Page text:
The lead thinks they should get back together, which his ex wife will rebuff because "You haven't changed" the underlying character flaws that led to the divorce. As the plot progresses, he'll win back his ex wife, the Step Dad [[DerailingLoveInterests will be revealed]] to be a JerkAss and [[CleaningUpRomanticLooseEnds get killed off]] or sent packing, he'll completely patch up his relationship with his kids and they'll all reunite and live HappilyEverAfter.

2) The second Child-focus variant: This variant focuses on the child (and in this case, it's almost always a single child) over the family as a group. The lead and his ex-wife will be relatively civil, with surprisingly little {{UST}} (although he'll still needle her over her new significant other, and she may throw some snark his way). In this case the ex wife usually wants to be supportive of the lead, but is seeing the way his character flaw leads hurts the child. Expect the lead to be given "one last chance" often with the threat of a new job that will take the child to a different city. Of course, the lead blows it, leading his child to think he doesn't love them, before he makes it up to them in some over-the-top fashion and convinces his ex-wife to stay. Either he and the step-father will learn to respect each other and share their role in the child's life, or the step-father will bow out of the way for the good of the child (often leaving for the aforementioned new job.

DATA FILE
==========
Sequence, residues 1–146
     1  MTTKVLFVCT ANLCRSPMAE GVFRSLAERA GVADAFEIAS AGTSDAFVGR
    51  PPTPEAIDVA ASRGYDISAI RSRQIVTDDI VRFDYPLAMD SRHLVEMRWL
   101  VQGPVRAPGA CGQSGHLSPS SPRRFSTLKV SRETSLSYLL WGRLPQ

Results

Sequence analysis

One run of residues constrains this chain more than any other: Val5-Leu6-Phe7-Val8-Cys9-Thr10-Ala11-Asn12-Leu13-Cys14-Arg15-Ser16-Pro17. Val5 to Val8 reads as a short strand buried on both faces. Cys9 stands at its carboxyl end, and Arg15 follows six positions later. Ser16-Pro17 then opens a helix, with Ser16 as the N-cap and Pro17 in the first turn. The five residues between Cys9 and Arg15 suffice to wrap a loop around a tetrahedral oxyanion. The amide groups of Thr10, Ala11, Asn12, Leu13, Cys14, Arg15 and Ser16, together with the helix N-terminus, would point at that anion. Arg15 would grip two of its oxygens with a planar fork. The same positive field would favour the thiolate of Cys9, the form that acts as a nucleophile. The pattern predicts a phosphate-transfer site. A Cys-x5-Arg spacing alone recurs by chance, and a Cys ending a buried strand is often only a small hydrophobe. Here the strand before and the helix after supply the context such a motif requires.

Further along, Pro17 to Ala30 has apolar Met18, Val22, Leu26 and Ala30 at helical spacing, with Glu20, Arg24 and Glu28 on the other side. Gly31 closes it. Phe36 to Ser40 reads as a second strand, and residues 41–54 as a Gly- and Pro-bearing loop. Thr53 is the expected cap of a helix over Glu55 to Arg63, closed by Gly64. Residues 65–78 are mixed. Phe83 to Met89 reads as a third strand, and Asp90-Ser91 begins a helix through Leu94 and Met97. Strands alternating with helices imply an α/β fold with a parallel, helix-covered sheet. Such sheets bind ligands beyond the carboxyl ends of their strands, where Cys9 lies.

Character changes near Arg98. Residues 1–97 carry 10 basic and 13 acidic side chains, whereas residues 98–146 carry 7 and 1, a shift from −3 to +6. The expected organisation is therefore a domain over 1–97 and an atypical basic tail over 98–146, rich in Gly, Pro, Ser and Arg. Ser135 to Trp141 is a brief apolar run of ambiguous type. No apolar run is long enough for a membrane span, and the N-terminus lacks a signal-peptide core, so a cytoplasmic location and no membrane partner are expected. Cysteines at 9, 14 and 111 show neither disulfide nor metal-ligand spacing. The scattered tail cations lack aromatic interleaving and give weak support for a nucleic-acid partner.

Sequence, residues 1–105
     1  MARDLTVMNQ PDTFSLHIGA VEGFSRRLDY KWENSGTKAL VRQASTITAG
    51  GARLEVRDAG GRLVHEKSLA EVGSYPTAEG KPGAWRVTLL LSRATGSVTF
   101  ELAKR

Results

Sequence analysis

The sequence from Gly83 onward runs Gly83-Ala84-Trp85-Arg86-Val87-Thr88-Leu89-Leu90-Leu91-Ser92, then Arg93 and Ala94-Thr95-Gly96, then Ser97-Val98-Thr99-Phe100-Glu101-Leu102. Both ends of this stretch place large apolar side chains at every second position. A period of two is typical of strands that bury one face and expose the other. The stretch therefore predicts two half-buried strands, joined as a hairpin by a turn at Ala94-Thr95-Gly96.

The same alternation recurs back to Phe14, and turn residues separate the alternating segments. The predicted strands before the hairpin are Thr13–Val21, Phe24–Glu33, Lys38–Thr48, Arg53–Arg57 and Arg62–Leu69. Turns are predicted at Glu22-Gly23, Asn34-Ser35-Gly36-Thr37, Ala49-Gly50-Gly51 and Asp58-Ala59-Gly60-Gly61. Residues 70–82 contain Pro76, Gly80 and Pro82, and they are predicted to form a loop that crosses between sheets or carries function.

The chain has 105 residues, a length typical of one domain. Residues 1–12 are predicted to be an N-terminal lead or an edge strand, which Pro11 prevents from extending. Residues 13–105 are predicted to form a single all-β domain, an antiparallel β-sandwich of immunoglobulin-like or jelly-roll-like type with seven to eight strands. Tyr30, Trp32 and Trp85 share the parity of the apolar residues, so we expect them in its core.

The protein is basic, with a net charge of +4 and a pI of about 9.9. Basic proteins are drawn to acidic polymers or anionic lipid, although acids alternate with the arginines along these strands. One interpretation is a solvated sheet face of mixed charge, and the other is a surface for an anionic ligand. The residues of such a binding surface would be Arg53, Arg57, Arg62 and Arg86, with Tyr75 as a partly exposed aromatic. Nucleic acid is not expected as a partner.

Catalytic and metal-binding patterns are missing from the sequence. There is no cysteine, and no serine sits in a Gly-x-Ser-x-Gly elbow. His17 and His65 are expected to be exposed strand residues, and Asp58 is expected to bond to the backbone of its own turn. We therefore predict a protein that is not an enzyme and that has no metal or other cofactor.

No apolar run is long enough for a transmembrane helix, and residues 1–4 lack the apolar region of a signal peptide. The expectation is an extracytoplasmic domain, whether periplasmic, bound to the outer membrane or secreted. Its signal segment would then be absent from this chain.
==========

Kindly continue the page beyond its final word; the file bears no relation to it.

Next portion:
job).



* ''Film/NightAtTheMuseum'' is the second case. Ben Stiller's character main motivation is proving himself a worthy father to his son, and to himself, but he and his ex-wife have an almost sibling like relationship, with absolutely no UST and Paul Rudd, the step-dad, is shown as goofy but dedicated and never actively tries to get between Stiller and his son. Which makes him all the bigger threat.

to:

* ''Film/NightAtTheMuseum'' is the second case.family-focus variant. Ben Stiller's character main motivation is proving himself a worthy father to his son, and to himself, but he and his ex-wife have an almost sibling like relationship, with absolutely no UST and Paul Rudd, the step-dad, is shown as goofy but dedicated and never actively tries to get between Stiller and his son. Which makes him all the bigger threat.



* ''Film/LiarLiar'' is a fairly straight example of the second variation, with a reliable but boring new father figure who winds up getting the shaft just as she and the ex-wife were about to move away together. Fletcher and Audrey show no real {{UST}} both being much more focused on Max's well-being. It zigs back into the first variant during the stinger, which takes place a year after the climax of the movie.

to: